Articles tagged Tom Walkinshaw

Page 26, May 1985

Mass and lckx Win Economy Run

Early last year there was a terrible shemozzle in the sports car world when FISA decided at short notice to "do a deal" with the American IMSA organisation. They scrapped the proposed fuel economy rules for a start, requiring a 15% reduction in the amount available for a 1,000 kilometre event, to 510 litres, and the works Porsche team was so upset that it withdrew its cars from Le Mans. All that...

Page 48, September 1984

European Touring Car Championship

The season so far: seven wins to Jaguar, two to BMW, Toyota, Rover and Volvo getting competitive. . . Ever since the creation of Group A racing, the once-moribund ETC series (formerly Group 2, unattractive to manufacturers) has begun to come to life. Now we are well into the third season, and the racing is getting better all the time. Silverstone may not be as exciting a venue as some, but this...

Page 68, April 1984

TWR Jaguars XJS: Walkinshaw's Coventry Express

As John Egan remarked to us at the Geneva Show, racing is part of Jaguar’s heritage. A carefully planned European Touring Car Championship programme brought the Coventry marque five outright successes last year, with engineering expertise and part of the budget coming direct from Jaguar, the build, development and race programme handled by the astute Scotsman, Tom Walkinshaw. Neither Renault...

Page 62, October 1987

Luck, skill and compatibility

Interview Derek Bell MBE, the reigning World Sportscar Champion, won Le Mans 24-Hour race in June for the fifth time. This is an achievement exceeded by only one man (his former driving partner Jacky Ickx, who had six successes – three of them with Bell) and, at the age of 45, Bell is by far Britain's most successful sportscar driver. After the race, the Englishman talked to us about luck, skill...

Page 52, September 2014

Reviews

Formula One Circuits From Above Bruce Jones In principle the idea is excellent: tap into the miracle of Google Earth to provide satellite imagery of the world’s classic racetracks, with explanatory footnotes detailing the finer points of each corner and scattered paragraphs outlining the great, the good and the successes they achieved locally. In parts this works well, but “legendary” seems an...

Page 173, July 2014

The end of innocence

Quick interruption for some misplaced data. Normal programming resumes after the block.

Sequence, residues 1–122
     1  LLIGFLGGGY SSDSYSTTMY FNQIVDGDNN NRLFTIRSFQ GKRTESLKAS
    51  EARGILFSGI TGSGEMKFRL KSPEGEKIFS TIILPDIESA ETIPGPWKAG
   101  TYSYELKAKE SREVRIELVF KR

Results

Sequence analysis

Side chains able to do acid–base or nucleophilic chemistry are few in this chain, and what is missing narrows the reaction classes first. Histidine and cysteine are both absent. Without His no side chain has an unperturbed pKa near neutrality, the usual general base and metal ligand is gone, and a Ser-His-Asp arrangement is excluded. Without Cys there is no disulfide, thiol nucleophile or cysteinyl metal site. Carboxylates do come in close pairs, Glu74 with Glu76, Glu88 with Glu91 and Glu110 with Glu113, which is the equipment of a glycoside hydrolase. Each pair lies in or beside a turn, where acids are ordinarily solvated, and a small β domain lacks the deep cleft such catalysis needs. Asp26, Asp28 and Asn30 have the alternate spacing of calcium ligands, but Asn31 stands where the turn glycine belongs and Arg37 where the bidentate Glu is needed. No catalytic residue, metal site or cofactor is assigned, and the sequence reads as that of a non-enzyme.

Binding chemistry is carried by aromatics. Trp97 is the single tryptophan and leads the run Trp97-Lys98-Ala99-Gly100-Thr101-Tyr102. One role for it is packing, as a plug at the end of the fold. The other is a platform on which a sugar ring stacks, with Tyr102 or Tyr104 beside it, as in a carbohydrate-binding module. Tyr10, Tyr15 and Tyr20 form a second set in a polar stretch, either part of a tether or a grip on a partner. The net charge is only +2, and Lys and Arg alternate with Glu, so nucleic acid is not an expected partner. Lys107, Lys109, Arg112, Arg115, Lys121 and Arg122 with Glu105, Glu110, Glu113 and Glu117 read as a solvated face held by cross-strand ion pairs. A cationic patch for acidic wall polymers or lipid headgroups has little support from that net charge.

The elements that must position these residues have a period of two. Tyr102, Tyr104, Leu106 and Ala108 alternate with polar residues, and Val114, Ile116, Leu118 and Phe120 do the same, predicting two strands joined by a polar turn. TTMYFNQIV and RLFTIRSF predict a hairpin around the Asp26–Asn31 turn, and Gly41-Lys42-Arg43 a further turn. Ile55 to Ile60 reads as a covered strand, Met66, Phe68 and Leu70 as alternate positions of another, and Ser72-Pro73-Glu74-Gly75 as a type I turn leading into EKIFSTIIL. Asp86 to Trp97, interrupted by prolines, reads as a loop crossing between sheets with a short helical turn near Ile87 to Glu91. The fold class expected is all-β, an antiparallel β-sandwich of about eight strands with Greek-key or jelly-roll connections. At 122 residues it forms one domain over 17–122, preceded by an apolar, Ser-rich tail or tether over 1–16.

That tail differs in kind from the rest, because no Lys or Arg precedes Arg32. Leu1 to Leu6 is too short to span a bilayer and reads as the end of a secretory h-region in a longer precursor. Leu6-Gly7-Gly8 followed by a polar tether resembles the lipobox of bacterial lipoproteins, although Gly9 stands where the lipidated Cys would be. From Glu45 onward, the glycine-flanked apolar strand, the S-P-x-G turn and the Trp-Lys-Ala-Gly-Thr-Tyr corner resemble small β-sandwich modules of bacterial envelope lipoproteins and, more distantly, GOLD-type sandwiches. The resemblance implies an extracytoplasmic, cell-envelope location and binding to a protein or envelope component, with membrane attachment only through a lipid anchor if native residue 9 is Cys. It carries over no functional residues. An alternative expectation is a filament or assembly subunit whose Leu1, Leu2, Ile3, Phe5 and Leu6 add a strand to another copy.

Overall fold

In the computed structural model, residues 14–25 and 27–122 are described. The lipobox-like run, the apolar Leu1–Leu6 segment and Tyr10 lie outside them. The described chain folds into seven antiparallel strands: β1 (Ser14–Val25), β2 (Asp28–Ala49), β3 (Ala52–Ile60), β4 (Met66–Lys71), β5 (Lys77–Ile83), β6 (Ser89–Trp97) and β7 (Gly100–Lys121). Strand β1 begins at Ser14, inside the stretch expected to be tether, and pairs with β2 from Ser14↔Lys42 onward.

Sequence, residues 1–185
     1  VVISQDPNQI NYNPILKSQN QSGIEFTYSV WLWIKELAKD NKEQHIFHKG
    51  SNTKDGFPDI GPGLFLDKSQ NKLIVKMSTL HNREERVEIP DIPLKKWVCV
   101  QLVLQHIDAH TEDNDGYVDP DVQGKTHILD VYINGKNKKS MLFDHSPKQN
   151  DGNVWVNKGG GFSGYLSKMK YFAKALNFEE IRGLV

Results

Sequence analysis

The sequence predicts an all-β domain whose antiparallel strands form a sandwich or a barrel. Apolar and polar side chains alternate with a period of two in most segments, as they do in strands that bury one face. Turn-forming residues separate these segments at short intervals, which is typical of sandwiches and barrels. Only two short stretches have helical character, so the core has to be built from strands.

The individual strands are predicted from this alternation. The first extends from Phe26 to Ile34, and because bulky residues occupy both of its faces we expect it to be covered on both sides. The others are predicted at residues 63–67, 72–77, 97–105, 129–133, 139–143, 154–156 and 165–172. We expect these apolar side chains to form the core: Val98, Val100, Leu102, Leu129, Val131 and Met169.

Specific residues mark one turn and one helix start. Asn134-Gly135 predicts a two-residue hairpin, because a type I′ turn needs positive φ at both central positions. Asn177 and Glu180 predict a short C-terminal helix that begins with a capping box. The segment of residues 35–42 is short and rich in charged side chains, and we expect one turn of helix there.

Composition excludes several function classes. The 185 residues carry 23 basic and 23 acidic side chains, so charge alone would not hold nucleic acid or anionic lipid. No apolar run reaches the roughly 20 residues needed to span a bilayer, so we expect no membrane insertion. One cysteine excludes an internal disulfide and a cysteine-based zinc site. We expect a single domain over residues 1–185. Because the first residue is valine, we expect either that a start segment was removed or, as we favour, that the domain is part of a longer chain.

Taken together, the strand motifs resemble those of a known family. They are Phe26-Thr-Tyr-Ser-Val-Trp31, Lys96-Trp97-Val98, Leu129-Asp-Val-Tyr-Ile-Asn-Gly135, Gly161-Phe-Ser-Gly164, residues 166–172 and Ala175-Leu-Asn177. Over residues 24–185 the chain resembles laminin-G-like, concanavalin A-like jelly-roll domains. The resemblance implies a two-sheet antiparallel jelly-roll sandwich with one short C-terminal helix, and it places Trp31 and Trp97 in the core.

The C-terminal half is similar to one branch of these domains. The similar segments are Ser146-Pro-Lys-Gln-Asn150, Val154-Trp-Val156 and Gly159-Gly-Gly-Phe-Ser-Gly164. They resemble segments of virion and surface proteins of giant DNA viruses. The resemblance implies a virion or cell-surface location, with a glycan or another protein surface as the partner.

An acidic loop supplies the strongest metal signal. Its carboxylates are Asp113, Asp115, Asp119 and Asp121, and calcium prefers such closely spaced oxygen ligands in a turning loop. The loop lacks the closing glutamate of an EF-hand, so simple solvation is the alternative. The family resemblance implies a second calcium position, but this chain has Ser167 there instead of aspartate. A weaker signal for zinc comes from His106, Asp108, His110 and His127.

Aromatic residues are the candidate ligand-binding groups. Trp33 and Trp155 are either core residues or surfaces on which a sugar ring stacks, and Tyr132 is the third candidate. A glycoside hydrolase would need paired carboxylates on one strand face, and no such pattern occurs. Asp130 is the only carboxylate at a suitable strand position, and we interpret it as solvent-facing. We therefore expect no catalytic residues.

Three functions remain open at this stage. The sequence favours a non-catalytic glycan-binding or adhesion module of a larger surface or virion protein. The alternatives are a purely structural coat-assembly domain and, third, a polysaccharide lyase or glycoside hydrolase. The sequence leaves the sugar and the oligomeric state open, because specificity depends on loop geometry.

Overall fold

Huge advances in safety corresponded with real-world political and financial machinations that would change motor racing forever. And it can all be traced back to one terrible Sunday afternoon Writer Andrew Benson Everything changed on the afternoon of May 1, 1994. When Ayrton Senna’s Williams hit the wall at Imola’s Tamburello corner, and the great Brazilian was killed by a suspension arm...

Page 78, November 2008

Lunch with... Johnny Herbert

After his horrific crash at Brands, Johnny used humour to get through the pain and carry on racing. But he’s not bitter about what might have been – he just wants to come back in the next life as Schuey!By Simon Taylor Think of Johnny Herbert and you think of the ever-cheerful, cheeky little guy from Romford, whose irreverent humour and constant teasing brought welcome relief to the increasingly...

Page 74, May 2014

Senna vs Schumacher, a rivalry unfulfilled

It was a tantalising prospect, if a little troubling for Ayrton Senna. How would the proven maestro handle a potential nemesis, fast emerging in the form of Michael Schumacher? Sadly, we’d never see them tussle at their respective peaksWriter Paul Fearnley Brother Ralf looked embarrassed and turned away. He didn’t understand. How could he? Mika Häkkinen had raced Ayrton Senna; had hoped for the...

Page 30, May 2014

“Michael and I had been in the trenches together”

Departed Mercedes-Benz team principal Ross Brawn analyses the key moments of a long, successful F1 career… and outlines the reasons for his decision to step down at the end of 2013 Ross Brawn and Adrian Newey have won all but three of 22 world championships for constructors since 1992. The current score is Newey 10, Brawn 9. These two, more than any drivers, have provided F1’s competitive thrust...

Page 22, March 2014

Brian Hart

1936-2014 Racer and engine builder Brian Hart died in January, aged 77. Best known for the turbocharged four-cylinder engine that took Toleman into Formula 1 and earned Ayrton Senna three podium finishes, Hart’s company was a saviour for F1 teams who could not land a major engine supplier, although in terms of victories rallying and F2 were more fertile. Starting as a driver in 1958, Hart raced...

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